“Alternative facts” and “campaign of misinformation” were phrases used in the Town Topics by Leticia Fraga, the President of the Council and member of the Permit Parking Task Force (PPTF), to describe the opposition the group received from Princeton’s residential community about the proposed permit parking plan. I had to re-read the article to believe the language. How is it possible that our elected officials – who are also our neighbors – are freely using such divisive, politically charged words typical of the Trump-era to describe a strong and informed opposition to the current proposed parking plan? To add insult to injury, the PPTF is asking for town unity while in parallel attacking opposing viewpoints. It is completely insincere. We don’t all always need to agree on everything, but this polarizing language has no business being in community dialogue.
It’s equally important to highlight that the PPTF council members and some supporters cast a morally depraved shadow on neighbors who voice opposing views, while in fact this plan has nothing to do with social equity but with the financial interests of the select few, at the expense of residents (more details below). Such undertone sets an unsavory atmosphere in our dialogue. It’s a dirty and counterproductive tactic that needs to end.
Putting aside all the noise and drama, has the PPTF considered the possibility that the current plan is not great and should be revised? Simple as that. I watched recorded meetings where many residents were expressing concerns for months. Yet, nothing in the plan changed and the PPTF claims to have been “blindsided” by the recent opposition led in part by a volunteer group of residents who are running Sensible Streets.
The PPTF members may sincerely believe in their plan along with a few loud supporters (mainly from the congested Jackson-Witherspoon streets), but we live in a larger community with a broader set of opinions, which council members are elected to represent. The plan is believed to be deeply flawed to a large number of residents who read the proposed plan, as I did. No compromises to the plan have been made, which sends the message that the PPTF doesn’t care about alternate points of view. Canceling the planned community meeting and dismissing opposition as “misinformation” and “alternative facts” only re-affirms this unfortunate conclusion.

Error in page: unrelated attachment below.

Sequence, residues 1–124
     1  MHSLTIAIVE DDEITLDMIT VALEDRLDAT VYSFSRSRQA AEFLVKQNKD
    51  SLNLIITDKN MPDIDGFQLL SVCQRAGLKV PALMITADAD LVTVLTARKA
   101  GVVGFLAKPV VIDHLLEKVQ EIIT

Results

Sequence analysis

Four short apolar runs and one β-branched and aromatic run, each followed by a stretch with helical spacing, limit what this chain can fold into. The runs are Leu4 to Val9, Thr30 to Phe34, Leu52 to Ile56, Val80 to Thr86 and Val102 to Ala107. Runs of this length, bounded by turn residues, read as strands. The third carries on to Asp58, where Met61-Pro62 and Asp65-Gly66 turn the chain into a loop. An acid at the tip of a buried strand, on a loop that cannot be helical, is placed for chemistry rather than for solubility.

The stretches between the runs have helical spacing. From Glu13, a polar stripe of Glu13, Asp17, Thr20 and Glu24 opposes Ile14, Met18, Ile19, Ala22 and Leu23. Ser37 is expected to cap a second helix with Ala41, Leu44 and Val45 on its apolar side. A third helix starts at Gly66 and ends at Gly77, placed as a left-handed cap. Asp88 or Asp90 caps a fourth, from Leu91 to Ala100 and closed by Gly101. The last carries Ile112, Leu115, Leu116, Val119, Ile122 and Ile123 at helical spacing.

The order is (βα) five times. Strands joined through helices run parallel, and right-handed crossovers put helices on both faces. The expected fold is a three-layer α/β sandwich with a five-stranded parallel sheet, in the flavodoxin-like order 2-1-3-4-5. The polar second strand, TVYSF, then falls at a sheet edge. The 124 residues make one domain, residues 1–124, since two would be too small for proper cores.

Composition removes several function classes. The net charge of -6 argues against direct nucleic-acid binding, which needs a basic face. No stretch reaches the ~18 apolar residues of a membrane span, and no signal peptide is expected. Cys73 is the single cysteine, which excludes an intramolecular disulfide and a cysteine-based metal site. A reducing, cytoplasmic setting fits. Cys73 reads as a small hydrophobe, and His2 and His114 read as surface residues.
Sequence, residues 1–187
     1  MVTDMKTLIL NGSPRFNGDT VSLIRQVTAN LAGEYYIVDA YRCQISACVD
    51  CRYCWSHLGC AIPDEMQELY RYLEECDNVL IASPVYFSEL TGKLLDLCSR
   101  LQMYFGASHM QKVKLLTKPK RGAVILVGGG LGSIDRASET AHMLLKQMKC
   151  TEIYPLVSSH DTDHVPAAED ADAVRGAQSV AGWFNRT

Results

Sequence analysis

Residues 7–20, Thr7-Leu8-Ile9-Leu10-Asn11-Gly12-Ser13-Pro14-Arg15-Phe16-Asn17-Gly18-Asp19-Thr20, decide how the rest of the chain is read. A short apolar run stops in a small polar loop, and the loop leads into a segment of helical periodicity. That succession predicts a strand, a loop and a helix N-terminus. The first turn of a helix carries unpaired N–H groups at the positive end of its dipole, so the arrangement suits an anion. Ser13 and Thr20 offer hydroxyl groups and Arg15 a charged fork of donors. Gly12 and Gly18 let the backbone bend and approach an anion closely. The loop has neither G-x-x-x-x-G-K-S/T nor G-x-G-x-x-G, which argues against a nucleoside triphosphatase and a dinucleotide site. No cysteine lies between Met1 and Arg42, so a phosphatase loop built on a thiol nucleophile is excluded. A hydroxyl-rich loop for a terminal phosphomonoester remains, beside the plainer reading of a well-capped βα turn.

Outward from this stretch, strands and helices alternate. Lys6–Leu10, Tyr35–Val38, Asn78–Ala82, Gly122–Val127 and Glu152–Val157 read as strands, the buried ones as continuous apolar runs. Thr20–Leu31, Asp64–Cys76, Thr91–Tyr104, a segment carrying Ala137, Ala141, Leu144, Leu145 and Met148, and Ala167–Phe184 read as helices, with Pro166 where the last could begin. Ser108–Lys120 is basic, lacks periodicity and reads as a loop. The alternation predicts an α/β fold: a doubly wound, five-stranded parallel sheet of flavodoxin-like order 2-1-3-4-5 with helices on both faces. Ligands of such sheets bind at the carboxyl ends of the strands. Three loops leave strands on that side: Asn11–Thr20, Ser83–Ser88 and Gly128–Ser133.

Now to the parking plan’s content…
Public streets are not private, they’re public and don’t belong exclusively to residents. This argument is often repeated by council members. Streets are indeed public, but the argument is flawed. What would explain the existence of parking rules, meters and parking zones? Following PPTF’s logic, there should be no parking rules whatsoever, it should be free for all. But this isn’t the case. Parking rules exist for many valid reasons. Adjusting parking rules to whatever you like, for whatever reasons, because “it’s a public street” is an empty argument.
Both articles in the Town Topics issue claim that the ultimate goal of the parking proposal has been to improve the quality of life for many residents whose parking needs are not being met. Has anyone on the PPTF asked the question of how this problem came to be in the Jackson-Witherspoon section of town? I won’t spell out the obvious. Following the same upside-down logic, it is precisely the messy situation that the PPTF is intending to spread to other neighborhoods. Residents are telling you that we don’t want it, please hear us. There must be more creative solutions that actually fix parking challenges for residents and visitors. I can personally share some ideas to help us reach a healthy compromise.